2014 GSA Annual Meeting in Vancouver, British Columbia (19–22 October 2014)

Paper No. 332-4
Presentation Time: 1:50 PM


COX, Rónadh, Geosciences, Williams College, Williamstown, MA 01267, BIERMAN, Paul, Geology Department, University of Vermont, Delehanty Hall, 180 Colchester Avenue, Burlington, VT 05405 and RAKOTONDRAZAFY, Amos Fety Michel, Département des Sciences de la Terre, Université d'Antananarivo, Antananarivo, 101, Madagascar

Cosmogenic isotope data provide a time-averaged look at landscape erosion rates in Madagascar, and comparison of samples from contemporary rivers with dated terrace deposits gives insight into the effects of recent human activities. Eighty analyses, from 64 watersheds representing 30% of Madagascar’s total area, provide new perspective on the landscape evolution of this culturally and ecologically significant country.

Madagascar’s relief is substantial (comparable to New Zealand) despite deeply weathered bedrock (saprolites commonly 10s of m thick). The preservation of such thick saprolite, in the face of regional elevation gradients and very steep (>50°) local slopes, implies that low erosion rates have characterised the region for some time. This is borne out by 10Be data, which indicate rates ranging from 1.5-78 m My-1, with median of only 16 m My-1 (much less than the global drainage-basin median of 54 m my-1:tinyurl.com/lnh9fxt). Highest rates (40-78 m My-1; n = 20) come from the arid lowlands of the west and southwest, and from the steep. forested eastern escarpment. Lowest rates (<10 m My-1; n = 23) come from the rolling highlands of the central plateau.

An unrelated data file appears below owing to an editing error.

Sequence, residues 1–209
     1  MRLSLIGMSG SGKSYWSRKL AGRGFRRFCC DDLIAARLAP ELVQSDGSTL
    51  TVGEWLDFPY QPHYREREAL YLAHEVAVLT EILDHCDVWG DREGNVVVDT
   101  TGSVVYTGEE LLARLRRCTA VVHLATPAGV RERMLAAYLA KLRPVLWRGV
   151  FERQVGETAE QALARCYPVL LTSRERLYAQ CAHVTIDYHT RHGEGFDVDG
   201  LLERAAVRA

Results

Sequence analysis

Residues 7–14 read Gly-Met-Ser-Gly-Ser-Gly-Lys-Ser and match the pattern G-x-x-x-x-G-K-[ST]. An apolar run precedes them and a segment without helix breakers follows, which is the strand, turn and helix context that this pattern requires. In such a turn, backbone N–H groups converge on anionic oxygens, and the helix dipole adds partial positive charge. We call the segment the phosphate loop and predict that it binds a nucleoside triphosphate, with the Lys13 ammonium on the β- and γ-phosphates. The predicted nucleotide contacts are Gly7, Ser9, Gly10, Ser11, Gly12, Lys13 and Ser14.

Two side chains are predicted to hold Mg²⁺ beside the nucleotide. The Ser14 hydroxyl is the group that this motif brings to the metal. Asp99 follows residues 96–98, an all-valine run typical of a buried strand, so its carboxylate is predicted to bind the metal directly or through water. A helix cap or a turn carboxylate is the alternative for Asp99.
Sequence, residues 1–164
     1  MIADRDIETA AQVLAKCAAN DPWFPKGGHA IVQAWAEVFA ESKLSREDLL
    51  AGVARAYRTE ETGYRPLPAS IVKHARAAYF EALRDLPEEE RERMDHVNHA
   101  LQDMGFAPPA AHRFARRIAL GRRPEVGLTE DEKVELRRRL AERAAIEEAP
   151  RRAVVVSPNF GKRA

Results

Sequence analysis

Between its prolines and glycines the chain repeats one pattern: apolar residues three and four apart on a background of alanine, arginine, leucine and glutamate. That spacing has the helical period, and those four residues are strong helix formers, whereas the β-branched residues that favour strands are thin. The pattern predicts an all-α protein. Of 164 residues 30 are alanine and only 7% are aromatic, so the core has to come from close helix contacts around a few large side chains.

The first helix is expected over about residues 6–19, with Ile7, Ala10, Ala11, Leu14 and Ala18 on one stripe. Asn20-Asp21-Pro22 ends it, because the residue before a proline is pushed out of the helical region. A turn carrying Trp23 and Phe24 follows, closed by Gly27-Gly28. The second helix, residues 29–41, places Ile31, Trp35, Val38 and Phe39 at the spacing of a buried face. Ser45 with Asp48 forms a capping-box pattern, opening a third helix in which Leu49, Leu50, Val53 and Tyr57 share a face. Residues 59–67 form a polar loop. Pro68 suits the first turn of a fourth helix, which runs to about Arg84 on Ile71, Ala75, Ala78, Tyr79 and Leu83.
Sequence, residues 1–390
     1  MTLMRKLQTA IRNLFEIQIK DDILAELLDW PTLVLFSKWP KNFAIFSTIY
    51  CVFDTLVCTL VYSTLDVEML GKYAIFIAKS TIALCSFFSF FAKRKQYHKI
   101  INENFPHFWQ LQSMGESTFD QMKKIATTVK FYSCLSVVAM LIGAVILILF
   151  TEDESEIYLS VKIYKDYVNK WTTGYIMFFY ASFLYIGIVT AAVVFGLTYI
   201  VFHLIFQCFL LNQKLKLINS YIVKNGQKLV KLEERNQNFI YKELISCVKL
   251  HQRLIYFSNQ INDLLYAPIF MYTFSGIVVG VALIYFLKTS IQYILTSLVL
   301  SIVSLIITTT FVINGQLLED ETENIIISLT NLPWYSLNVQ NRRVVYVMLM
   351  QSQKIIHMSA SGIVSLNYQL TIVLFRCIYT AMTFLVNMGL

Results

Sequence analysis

We were able at 4 locations to sample both the modern river sand and 14C datable older terrace deposits, to try and see through the time-averaged 10Be window (approx. 104 yrs for slowly eroding terranes) and evaluate the extent to which anthropogenic effects have affected erosion rate in the more recent past. Terrace ages range from 0.76-13.6 ky. The younger part of the age range overlaps with human presence in Madagascar, but the upper end long pre-dates it. In two cases, the modern rates exceed the rates recorded in the terrace sands: a >0.76 ky terrace implies paleo-erosion of 11.4 m My-1 compared with 15.9 m My-1 in modern river sand, and a >1.9 ky terrace yields 24.8 m My-1 compared with 41.3 m My-1 in its modern equivalent. In one case (terrace ≈1 ky) the rates are identical within error (11.8 m My-1 and 13.0 m My-1 respectively). In the final case, the modern river rate of 6.7 m My-1 is exceeded by a 13.6 ky terrace rate of 9.6 m My-1. The fact that rates measured from the terrace deposits exceed the modern values in some cases argues against a dramatic post-human-arrival increase in erosion rates.